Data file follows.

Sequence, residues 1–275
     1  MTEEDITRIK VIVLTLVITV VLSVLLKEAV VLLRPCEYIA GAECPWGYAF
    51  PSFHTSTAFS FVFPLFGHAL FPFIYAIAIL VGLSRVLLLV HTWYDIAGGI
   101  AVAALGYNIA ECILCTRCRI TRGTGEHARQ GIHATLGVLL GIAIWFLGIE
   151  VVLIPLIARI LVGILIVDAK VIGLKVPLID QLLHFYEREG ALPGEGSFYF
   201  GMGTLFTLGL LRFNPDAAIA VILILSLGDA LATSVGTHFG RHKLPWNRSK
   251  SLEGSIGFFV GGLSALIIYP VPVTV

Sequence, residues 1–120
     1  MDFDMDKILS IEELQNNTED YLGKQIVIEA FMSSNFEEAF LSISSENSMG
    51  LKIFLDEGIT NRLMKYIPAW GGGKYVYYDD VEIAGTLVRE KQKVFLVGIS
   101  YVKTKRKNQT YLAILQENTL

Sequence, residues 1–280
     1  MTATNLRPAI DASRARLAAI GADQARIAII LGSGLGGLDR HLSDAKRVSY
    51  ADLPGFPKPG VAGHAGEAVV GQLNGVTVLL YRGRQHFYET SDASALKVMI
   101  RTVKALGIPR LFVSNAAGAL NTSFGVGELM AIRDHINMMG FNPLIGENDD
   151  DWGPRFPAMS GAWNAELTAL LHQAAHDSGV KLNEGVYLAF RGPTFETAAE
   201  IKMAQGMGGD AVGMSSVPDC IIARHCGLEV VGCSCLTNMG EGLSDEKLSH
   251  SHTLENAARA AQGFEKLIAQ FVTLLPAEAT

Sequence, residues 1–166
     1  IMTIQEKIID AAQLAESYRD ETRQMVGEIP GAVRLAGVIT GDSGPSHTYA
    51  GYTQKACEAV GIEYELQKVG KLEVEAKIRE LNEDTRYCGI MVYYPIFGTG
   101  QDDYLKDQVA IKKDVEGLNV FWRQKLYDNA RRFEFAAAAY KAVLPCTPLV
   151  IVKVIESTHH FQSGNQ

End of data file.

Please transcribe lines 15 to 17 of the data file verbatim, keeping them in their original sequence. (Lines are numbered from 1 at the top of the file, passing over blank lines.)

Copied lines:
   101  RTVKALGIPR LFVSNAAGAL NTSFGVGELM AIRDHINMMG FNPLIGENDD
   151  DWGPRFPAMS GAWNAELTAL LHQAAHDSGV KLNEGVYLAF RGPTFETAAE
   201  IKMAQGMGGD AVGMSSVPDC IIARHCGLEV VGCSCLTNMG EGLSDEKLSH